Exploring a bipolar patient’s childhood could help predict the clinical features and course of illness of their disorder, according to a new analysis published Tuesday in Lancet Psychiatry.

Bipolar disorder is an illness characterized by serious mood swings that affects approximately 5.5 million Americans ages 18 and older. The chronic illness affects different people in different ways, but the current study suggests child maltreatment could predict a range of negative outcomes in patients with the psychiatric disease.

“These findings lend support to the notion that maltreatment can affect neurobiological processes associated with progression of the disorder,” Dr. Jessica Agnew-Blais, lead author of the study, said in a statement.

Researchers conducted a systematic review of 30 studies to examine the association between childhood maltreatment — physical, sexual, or emotional abuse, neglect, or family conflict — during childhood with the course of illness in bipolar disorder. They discovered that bipolar patients with a history of child abuse and neglect developed the disorder four years earlier than the subset without a history of maltreatment. These patients also had a greater severity of symptoms associated with the disorder, including more intense depression, mania and psychosis episodes.

While bipolar disorder carries the highest risk of suicide among psychiatric diseases — up to 15 percent — the new review reveals that child maltreatment nearly doubles this risk among patients with the mental illness. In addition, study authors also found that there were nearly four times more likely to have a diagnosis of post-traumatic stress disorder (PTSD).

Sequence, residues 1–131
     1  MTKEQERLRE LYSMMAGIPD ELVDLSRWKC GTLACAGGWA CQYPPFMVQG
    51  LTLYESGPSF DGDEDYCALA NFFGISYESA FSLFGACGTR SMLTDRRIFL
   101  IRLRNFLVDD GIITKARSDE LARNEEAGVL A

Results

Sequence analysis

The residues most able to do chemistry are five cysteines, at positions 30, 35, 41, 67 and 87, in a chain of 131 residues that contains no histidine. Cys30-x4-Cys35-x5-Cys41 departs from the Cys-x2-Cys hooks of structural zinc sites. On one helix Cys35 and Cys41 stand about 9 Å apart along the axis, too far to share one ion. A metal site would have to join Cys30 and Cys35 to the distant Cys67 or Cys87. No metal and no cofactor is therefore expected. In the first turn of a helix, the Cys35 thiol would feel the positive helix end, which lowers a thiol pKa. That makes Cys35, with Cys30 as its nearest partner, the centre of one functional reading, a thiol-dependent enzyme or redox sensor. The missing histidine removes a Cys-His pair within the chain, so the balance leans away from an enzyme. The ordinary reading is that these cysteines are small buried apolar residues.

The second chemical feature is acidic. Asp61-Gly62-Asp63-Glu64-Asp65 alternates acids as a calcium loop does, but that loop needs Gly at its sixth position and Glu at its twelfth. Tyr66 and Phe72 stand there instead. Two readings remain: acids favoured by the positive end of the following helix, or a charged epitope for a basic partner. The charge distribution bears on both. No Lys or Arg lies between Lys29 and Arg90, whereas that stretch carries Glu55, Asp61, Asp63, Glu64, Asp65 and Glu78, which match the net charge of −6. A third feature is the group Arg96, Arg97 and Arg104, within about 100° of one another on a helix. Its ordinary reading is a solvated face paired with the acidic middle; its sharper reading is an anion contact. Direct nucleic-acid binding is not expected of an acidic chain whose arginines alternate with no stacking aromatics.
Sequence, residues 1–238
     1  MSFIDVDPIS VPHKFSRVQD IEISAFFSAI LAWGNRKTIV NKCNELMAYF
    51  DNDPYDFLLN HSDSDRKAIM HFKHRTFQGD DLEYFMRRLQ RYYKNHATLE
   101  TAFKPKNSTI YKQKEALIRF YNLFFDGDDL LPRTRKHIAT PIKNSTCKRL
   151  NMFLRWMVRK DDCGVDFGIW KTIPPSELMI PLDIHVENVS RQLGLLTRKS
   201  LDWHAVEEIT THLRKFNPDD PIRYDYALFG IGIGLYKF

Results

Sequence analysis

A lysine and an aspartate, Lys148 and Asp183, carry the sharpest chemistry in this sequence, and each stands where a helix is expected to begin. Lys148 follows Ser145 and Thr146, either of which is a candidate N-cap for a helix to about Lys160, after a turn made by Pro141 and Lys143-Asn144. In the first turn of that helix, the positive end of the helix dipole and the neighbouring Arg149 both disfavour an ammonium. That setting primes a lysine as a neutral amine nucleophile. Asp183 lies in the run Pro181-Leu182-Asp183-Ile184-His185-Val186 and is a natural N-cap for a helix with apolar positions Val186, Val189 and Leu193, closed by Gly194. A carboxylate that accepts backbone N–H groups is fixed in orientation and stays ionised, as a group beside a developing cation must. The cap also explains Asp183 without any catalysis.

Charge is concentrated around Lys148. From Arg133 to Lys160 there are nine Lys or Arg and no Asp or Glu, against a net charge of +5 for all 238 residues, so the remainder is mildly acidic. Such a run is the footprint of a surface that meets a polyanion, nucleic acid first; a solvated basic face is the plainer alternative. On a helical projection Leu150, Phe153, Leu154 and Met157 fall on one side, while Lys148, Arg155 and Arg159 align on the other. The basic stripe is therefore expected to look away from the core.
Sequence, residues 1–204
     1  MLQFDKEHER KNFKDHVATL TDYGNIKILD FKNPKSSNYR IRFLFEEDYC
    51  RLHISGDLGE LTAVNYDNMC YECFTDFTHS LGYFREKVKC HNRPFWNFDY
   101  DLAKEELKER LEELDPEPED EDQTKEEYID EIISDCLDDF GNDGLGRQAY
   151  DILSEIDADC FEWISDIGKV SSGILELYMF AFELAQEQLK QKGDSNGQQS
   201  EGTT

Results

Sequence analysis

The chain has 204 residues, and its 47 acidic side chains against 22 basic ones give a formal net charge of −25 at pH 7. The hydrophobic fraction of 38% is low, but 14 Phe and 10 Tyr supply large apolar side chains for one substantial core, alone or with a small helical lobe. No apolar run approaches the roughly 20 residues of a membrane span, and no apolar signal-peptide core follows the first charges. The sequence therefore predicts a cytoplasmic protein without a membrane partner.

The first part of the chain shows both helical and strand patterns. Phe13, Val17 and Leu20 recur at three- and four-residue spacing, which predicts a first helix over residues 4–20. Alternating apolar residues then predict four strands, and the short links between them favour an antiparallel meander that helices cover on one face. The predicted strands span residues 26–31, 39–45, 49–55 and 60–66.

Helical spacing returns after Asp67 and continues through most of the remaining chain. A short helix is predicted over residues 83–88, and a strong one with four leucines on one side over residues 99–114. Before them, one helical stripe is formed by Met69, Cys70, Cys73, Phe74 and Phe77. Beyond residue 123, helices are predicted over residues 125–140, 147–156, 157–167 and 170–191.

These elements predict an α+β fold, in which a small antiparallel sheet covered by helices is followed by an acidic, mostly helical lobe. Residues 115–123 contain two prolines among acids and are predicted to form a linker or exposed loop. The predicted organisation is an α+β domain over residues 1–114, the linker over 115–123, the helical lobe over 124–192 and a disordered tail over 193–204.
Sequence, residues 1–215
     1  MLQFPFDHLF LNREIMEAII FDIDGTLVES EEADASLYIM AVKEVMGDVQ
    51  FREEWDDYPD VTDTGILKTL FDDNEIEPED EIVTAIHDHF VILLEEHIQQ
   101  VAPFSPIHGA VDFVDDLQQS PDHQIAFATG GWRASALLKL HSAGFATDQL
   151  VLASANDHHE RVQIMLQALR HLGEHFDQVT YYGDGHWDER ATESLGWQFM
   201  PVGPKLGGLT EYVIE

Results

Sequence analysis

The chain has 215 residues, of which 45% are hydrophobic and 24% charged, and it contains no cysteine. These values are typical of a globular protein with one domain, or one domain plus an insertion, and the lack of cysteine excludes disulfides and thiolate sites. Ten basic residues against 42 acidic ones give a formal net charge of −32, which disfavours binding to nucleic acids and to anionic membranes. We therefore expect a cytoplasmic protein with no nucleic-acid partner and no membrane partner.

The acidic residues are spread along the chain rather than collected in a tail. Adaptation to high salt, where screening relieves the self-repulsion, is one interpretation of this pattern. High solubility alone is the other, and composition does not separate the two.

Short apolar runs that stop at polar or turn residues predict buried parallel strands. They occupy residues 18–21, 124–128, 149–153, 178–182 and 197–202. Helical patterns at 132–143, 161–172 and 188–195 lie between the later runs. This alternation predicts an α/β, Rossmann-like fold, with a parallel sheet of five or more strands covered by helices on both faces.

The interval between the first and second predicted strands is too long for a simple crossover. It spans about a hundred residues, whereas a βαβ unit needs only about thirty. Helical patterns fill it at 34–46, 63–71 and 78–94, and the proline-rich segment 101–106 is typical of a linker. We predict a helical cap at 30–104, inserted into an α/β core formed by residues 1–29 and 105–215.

“Our findings have important implications for clinical practice, as they suggest that a history of childhood maltreatment could be used as an early indicator of high risk for poor outcomes among individuals with bipolar disorder,” Agnew Blais said. “This information could be valuable for identifying patients with bipolar disorder who may benefit from greater support and treatment.”

The review adds to growing evidence on the mental health impact of childhood abuse and neglect. Chronic migraines, depression, type 2 diabetes, withdrawal, and poor body image have all been linked to issues stemming from childhood trauma.

“We hope this study will point to vulnerabilities that could inform innovative treatment strategies for people with BD, including anti-inflammatory medications or treatments aimed at trauma and anxiety-related symptoms,” Dr. Andrea Danese, senior author of the study, said in a statement.

The study authors say their next step in research is to identify what links childhood maltreatment to unfavorable clinical outcomes in bipolar disorder, which is associated with life-threatening risks.

Source: Agnew-Blais J, Danese A. Child Maltreatment and Unfavorable Clinical Outcomes in Bipolar Disorder: A Systematic Review and meta-Analysis. The Lancet Psychiatry. 2016.